The Buffalo Sabres second pairing will most likely team Owen Power with the incoming Connor Clifton, and the duo could round out a solid top-four.
The Buffalo Sabres projected second pairing comprises a second year player who found himself in the running for the Calder this past season and an incoming talent who many believe can handle more ice time. There is still a lot of mystery surrounding Owen Power and Connor Clifton, but if Power can make The Jump from Year 1 to Year 2 and if Clifton proves he can handle the top-four, then the Blue and Gold will be much better off this year.
Last season, defense was a struggle for our Sabres, and unless they averaged over 3.65 goals on a per game basis, they weren’t likely to win often. And they didn’t win often enough, negating them a chance at a playoff spot.
As with Dahlin and Samuelsson, our projected top pairing, you will see Power’s two-way game improve while Clifton provides a stay-at-home presence. So what could their point productivity look like?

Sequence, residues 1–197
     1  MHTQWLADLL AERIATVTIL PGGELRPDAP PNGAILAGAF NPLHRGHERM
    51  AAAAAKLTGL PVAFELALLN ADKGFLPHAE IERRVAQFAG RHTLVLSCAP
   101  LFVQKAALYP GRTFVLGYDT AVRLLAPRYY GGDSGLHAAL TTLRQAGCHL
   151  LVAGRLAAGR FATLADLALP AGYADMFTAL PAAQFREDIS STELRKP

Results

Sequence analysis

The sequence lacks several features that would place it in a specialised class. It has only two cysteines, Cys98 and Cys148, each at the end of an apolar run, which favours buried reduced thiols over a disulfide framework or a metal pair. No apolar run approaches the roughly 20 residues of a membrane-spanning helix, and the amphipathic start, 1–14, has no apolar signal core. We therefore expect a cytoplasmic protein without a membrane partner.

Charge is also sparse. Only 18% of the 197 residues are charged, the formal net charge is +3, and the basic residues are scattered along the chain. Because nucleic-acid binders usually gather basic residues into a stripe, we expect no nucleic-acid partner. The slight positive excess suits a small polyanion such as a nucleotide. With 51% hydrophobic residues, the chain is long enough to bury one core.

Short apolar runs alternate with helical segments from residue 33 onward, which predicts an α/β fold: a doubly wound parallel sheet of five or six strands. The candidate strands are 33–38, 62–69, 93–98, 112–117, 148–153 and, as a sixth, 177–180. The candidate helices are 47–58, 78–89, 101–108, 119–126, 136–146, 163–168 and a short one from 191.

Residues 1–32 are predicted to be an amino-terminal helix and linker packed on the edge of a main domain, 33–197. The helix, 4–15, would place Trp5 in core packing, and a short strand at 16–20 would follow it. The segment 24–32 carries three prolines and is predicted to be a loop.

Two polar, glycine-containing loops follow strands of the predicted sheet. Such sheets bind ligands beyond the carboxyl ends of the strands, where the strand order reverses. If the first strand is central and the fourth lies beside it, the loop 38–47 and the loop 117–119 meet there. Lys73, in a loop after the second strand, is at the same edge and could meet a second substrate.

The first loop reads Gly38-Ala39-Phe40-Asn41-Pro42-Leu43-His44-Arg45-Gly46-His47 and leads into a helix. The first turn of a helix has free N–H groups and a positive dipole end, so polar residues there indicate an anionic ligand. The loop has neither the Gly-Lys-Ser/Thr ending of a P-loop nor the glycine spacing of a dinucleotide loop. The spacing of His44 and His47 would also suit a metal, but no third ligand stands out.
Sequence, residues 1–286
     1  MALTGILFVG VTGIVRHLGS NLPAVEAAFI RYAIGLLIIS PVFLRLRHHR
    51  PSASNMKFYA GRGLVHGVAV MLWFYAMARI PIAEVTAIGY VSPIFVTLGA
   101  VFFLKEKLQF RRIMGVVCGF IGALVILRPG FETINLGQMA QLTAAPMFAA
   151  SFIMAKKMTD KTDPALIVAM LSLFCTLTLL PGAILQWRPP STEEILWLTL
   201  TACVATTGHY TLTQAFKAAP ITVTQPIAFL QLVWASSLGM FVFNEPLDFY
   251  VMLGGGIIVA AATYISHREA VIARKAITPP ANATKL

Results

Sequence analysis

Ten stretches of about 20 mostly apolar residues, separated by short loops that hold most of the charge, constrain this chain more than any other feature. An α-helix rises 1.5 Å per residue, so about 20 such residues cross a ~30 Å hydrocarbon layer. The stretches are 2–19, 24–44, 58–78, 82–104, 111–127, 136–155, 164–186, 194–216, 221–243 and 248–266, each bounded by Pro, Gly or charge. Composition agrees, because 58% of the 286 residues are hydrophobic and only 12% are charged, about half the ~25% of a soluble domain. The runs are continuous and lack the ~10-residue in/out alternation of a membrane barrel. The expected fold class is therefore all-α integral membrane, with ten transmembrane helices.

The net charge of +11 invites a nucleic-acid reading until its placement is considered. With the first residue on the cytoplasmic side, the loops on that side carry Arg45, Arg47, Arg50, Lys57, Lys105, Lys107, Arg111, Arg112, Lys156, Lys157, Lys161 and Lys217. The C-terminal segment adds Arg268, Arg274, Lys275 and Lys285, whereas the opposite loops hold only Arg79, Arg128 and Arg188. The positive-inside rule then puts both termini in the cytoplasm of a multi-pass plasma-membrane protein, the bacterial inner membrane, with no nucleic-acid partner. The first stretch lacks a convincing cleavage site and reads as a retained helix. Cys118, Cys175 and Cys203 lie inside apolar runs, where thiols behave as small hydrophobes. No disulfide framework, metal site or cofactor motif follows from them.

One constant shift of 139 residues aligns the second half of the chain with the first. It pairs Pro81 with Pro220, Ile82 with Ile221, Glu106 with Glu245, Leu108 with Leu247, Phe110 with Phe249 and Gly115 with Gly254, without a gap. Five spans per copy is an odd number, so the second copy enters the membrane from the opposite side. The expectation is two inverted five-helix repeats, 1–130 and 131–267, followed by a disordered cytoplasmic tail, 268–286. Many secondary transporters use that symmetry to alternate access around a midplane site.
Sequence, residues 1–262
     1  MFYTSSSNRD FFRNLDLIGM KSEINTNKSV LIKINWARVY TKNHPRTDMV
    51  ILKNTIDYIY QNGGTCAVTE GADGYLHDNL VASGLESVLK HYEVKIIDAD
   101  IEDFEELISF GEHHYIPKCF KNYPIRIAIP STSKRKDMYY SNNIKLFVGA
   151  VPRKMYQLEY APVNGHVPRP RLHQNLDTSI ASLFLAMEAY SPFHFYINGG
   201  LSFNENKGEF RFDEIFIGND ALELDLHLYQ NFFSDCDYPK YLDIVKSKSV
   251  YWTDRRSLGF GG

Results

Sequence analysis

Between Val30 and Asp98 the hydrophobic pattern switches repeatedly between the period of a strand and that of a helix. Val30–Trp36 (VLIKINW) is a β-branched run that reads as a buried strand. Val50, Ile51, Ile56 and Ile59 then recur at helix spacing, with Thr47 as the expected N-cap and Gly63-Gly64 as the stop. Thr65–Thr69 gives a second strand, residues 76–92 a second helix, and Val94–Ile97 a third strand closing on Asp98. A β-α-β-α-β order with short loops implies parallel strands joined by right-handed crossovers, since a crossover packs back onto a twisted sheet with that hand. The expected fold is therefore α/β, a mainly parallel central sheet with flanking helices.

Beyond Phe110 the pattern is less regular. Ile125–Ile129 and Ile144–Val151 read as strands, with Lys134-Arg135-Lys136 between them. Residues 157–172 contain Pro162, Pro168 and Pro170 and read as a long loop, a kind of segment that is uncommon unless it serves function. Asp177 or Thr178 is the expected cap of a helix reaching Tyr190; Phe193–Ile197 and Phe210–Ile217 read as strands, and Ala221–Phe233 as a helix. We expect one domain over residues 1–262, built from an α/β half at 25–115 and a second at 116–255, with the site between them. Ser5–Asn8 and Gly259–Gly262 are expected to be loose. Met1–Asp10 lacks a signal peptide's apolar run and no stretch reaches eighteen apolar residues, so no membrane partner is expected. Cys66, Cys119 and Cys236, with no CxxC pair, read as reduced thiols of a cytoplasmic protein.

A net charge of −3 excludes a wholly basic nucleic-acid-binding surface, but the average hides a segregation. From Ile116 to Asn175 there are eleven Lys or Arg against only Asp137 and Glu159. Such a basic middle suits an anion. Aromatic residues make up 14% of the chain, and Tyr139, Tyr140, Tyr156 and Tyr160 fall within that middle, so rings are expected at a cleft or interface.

Projecting the Buffalo Sabres second pairing’s scoring output
Ceiling: 30 points, 7 goals, 23 assists, 7.5% shooting percentage
Floor: 16 points, 2 goals, 14 assists, 3.5% shooting percentage
Although Clifton brings a stay-at-home mentality, he put up 23 points last season, indicating that he’s at least capable of producing offensively. In my bold predictions piece involving the former Boston Bruin, I stated he could put up at least 30 in the Buffalo Sabres high-octane system.
However, with Dahlin and Power (see below) present, Clifton will more likely find himself gracing his projected floor. He’s there to play a stay-at-home game, or at least that appears to be the case in foresight, and he will excel in that regard. So with Clifton’s floor projection more likely, what does Power’s potential look like?
Ceiling: 50 points, 11 goals, 39 assists, 7.0% shooting percentage
Floor: 40 points, 7 goals, 33 assists, 3.0% shooting percentage
I often don’t deviate too far from the numbers we saw last season, but if anyone in the defensive rotation is making a jump in points, it’s Owen Power. Unlike last season, his shots on goal should increase from 130 to at least 175-180, and the total shots attempted should sail north of the 300 mark.
The 50-point ceiling was part of my bold predictions, and if I were to give a realistic take, Power will likely end up somewhere between 43 and 45 points, which is still a substantial increase from his 35 the previous season. He should also be a catalyst for more than his fair share of sequences, so judge his game on chances that he will inevitably create.
(Statistics from Hockey-Reference assisted in each respective player’s floor and ceiling)